The fact is that there will be no formal appointment at Ballydoyle this year. The flourishing Colm O'Donoghue will share staple duties with Seamus Heffernan and O'Brien's talented son, Joseph, with the best of the available seasoned riders stepping in as necessary. Ryan Moore is in line for plenty of the best mounts – indeed, he rides one for the Irish stable in the UAE Derby today – but Spencer's opportunities will by no means be contingent on Hay.

When it comes to fresh starts, however, the race could volunteer no better template than that of Twice Over and Henry Cecil. The horse himself has been a slow burn, disappointing here last year, but unmistakably arrives in his pomp at six. He does not have far to seek for an epoch-making example in perseverance. Having delayed his arrival to work Frankel, the hot favourite for the first Classic of the season, Cecil has not known days like this since himself becoming estranged from Sheikh Mohammed. His personal and professional vicissitudes since have been documented to a point that exhausts dignity, but his ambition to seal his return to the elite in this race is instructive. At the time, Cecil failed to comprehend the sheikh's ambitions for his homeland. To come here and beat the Godolphin horses in their own back yard – and then go home to Frankel, in a stable back up to 130 horses – would be the sweetest possible admission of error.

There must be every chance of that, Cecil having altered his strategy this time round to give Twice Over more time to bed in. The horse was impressive in his rehearsal and, though again drawn wide, should have too much stamina for the best of the Godolphin trio, Poet's Voice. The odds are singularly unexciting, however, with Cape Blanco looking primed to contribute rather more to proceedings than a diplomatic gesture. In contrast, the fact that Gio Ponti has not had a prep race is surely inadequate to explain a quote of 10-1. Things conspired no less against him, when fourth last year, than they did against Twice Over, back in 10th. And remember, Gio Ponti would have won the Classic and Mile respectively at the last two Breeders' Cups, but for the extravagant misfortune of meeting Zenyatta and then Goldikova.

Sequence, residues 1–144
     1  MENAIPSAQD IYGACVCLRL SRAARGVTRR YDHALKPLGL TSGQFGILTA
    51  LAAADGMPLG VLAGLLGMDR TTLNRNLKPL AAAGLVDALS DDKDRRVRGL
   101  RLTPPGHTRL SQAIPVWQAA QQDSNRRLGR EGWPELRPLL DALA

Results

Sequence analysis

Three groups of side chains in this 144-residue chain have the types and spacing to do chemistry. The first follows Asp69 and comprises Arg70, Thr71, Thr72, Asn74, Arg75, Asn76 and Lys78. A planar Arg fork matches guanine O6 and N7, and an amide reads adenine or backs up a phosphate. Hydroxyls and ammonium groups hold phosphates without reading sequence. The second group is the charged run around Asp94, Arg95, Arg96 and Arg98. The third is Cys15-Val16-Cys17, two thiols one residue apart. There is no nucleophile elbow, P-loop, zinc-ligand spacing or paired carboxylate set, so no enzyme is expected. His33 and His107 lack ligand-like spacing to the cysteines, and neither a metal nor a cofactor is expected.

The World Cup crowns an astonishing card that also includes two turf races nowadays worth $5m apiece. Brian Meehan saddles his Breeders' Cup Turf winner, Dangerous Midge, in the Sheema Classic but Rewilding should make his class tell provided he handles the firm ground. Spencer has another huge chance in the Dubai Duty Free, on Wigmore Hall, albeit a stronger pace than in their trial would make Presvis tougher to beat.

Before castration, Wigmore Hall was apparently a sadistic brute. Happily, there are other ways for men to achieve reformation. And there are other things to engage the imagination today, equally, than dollars and dirhams. Cecil put it well, assessing Twice Over yesterday. "When things haven't gone right, you don't want to leave it on that note," he said. "The thing is to come back and try and make it right."

Turf Account

Chris McGrath's nap

Mister Matt (4.30 Newbury) Caught eye going with gusto over a longer trip at Huntingdon a couple of starts ago, and drop in distance could do the trick. Had previously shaped well on this better ground and looks tempting off low weight.

Next Best

Rey Nacarando (3.25 Newbury) Youngest member of an otherwise exposed field, and has run two perfectly adequate races since decisive win at Plumpton. Jumps with relish, and bolted up on this kind of going at Huntingdon earlier in the season.

One to watch

Cavitie (Andrew Reid) would not have caught too many eyes, running at Wolverhampton during the Cheltenham Festival, but warrants a mention for managing third in a sprint handicap after meeting dreadful traffic.

Where the money's going

Havant, winner of both her starts last autumn for Sir Michael Stoute, a Newmarket maiden on the July Course and then a Group Three contest on the Rowley Mile, is 8-1 from 10-1 with Paddy Power for the Investec Oaks.